Symantec is also an industry leader in comprehensive electronic messaging security, offering solutions for instant messaging, antispam, antivirus, legal compliance, content compliance, legal discovery and message archiving.

The Symantec Security Response organization (formerly Symantec Antivirus Research Center) is one of the foremost antivirus and computer security research groups in the industry.

On December 16, 2004, Veritas and Symantec announced their plans for a merger. With Veritas valued at $13.5 billion, it was the largest software industry merger to date. Symantec's shareholders voted to approve the merger on June 24, 2005; the deal closed successfully on July 2, 2005. July 5, 2005 was the first day of business for U.S. offices of the new, combined software company. After the merger, Symantec now includes storage related products in its portfolio. Veritas File System (VxFS), Veritas Volume Manager (VxVM) and Veritas Volume Replicator are but three.

Symantec later extended Veritas's volume file mapping technology to the Norton-branded 2007 line of products, aiming to enhance rootkit detection.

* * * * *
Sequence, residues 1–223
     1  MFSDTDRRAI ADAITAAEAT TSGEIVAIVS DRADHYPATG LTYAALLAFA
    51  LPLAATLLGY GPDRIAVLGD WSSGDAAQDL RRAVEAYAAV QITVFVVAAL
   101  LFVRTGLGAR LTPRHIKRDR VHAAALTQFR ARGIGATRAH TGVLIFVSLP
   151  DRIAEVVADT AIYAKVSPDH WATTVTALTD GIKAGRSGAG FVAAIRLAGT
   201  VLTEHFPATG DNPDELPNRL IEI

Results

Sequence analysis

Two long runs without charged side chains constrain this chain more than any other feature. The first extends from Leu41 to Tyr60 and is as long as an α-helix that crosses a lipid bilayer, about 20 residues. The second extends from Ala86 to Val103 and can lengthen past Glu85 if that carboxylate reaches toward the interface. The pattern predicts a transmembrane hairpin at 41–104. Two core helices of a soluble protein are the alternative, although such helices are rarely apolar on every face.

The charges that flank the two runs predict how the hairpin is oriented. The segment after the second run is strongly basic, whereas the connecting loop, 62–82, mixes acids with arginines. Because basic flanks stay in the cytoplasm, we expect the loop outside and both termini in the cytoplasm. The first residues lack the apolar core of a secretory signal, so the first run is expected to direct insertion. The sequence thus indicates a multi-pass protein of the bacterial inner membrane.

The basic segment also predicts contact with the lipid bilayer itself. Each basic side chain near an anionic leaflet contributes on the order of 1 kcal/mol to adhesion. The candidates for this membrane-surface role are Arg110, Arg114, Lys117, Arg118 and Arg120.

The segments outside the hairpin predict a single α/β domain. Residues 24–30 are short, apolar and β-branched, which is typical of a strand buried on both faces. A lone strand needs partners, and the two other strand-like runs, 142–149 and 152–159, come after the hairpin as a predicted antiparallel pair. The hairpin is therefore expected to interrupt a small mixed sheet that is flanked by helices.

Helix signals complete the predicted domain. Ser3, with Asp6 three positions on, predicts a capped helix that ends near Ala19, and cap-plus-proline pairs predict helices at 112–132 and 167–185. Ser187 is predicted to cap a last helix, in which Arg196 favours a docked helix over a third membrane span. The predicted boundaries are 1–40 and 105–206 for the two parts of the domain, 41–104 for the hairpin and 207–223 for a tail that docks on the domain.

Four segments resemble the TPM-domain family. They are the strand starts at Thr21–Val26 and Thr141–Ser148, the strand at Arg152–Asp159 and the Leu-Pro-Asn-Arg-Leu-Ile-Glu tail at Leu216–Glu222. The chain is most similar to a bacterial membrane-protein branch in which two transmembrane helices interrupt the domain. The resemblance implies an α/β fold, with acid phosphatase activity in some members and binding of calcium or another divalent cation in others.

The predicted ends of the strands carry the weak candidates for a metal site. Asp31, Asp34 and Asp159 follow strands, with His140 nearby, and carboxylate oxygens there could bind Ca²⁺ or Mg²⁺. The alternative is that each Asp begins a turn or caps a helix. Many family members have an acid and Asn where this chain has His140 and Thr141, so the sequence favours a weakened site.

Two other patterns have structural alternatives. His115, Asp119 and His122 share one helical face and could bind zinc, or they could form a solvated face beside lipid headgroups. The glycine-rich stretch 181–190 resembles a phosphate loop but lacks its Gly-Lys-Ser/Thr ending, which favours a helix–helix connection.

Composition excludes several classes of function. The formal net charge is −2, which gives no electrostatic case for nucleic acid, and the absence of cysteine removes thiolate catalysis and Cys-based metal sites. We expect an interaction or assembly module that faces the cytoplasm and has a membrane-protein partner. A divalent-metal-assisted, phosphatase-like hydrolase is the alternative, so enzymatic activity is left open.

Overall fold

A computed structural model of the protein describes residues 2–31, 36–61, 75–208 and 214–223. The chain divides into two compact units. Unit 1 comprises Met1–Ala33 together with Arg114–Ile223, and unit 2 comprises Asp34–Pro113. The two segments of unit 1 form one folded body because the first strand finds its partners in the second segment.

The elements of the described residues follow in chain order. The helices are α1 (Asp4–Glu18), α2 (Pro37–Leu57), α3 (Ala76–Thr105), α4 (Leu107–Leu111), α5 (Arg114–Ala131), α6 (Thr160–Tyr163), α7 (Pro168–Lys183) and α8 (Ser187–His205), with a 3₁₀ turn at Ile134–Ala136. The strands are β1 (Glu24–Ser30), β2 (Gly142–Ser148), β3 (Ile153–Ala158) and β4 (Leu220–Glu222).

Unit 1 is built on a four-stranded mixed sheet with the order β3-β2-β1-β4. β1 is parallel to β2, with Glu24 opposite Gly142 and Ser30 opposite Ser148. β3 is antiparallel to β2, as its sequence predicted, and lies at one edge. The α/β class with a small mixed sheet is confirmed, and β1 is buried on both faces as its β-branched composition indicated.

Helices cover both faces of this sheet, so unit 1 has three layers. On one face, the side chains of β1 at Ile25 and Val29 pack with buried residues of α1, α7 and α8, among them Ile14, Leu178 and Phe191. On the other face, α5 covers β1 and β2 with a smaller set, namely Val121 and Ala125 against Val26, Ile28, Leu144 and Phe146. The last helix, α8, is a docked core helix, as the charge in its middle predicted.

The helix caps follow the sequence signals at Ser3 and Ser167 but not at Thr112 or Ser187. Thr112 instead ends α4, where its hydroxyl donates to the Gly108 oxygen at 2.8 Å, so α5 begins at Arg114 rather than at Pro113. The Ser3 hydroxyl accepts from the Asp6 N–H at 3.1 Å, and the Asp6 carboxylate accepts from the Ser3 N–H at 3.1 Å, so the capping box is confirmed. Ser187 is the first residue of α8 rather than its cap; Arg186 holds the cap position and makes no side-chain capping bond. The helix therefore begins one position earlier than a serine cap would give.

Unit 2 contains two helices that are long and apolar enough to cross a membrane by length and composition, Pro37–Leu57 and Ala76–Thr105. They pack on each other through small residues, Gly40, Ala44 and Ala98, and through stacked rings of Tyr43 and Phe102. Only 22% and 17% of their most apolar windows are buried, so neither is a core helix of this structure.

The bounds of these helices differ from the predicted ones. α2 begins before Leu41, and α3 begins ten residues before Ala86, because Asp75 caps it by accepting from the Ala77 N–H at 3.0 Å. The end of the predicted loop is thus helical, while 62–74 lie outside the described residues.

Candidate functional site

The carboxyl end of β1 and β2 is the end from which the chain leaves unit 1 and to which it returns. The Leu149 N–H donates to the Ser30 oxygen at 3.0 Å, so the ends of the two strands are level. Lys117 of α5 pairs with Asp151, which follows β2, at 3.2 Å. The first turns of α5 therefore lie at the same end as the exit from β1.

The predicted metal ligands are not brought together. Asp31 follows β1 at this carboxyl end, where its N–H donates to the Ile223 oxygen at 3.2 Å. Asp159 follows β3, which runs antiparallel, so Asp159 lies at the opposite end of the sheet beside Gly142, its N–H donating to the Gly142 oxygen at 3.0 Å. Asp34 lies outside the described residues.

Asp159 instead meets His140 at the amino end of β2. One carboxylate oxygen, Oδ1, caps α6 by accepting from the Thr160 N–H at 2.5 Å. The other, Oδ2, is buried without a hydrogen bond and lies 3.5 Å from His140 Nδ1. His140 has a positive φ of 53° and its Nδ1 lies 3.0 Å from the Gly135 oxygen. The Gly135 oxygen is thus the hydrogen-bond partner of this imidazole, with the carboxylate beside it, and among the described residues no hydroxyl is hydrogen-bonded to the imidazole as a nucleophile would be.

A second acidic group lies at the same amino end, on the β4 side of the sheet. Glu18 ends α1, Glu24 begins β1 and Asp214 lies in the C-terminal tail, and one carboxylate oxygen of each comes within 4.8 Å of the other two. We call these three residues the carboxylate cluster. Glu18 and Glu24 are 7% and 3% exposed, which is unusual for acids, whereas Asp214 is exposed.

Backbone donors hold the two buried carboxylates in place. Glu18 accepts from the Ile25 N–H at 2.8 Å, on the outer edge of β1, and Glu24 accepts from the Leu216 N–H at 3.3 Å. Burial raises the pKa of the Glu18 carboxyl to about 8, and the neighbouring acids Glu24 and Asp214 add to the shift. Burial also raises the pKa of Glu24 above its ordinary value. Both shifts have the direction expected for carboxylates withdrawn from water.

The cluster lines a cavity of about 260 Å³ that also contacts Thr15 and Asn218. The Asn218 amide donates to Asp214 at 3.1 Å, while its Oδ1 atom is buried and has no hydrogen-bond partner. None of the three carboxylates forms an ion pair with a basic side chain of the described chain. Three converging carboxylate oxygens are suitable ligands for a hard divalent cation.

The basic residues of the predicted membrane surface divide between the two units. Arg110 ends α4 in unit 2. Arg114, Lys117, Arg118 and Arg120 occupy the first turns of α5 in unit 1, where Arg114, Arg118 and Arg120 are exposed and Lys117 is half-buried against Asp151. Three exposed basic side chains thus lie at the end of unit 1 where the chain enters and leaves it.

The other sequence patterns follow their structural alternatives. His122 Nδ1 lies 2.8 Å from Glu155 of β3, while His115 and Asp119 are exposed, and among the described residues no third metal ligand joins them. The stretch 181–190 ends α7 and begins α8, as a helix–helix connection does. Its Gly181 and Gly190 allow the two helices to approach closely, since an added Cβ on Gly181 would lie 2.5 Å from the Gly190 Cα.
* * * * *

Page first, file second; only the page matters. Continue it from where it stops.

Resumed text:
On August 16, 2005, Symantec acquired Sygate a security software firm with about 200 staff, based in Fremont, California. As of November 30, 2005 all Sygate personal firewall products were discontinued by Symantec and now appears to be part of Symantec's Norton range called Norton Personal Firewall (discontinued and merged into Norton-brand line of software).

On January 29, 2007, Symantec announced plans to acquire Altiris and on April 6, 2007 the acquisition was completed. Altiris specializes in service-oriented management software which allows organizations to manage IT assets. They also provide software for web services, security, and systems management products. Established in 1998, Altiris is headquartered in Lindon, Utah, United States.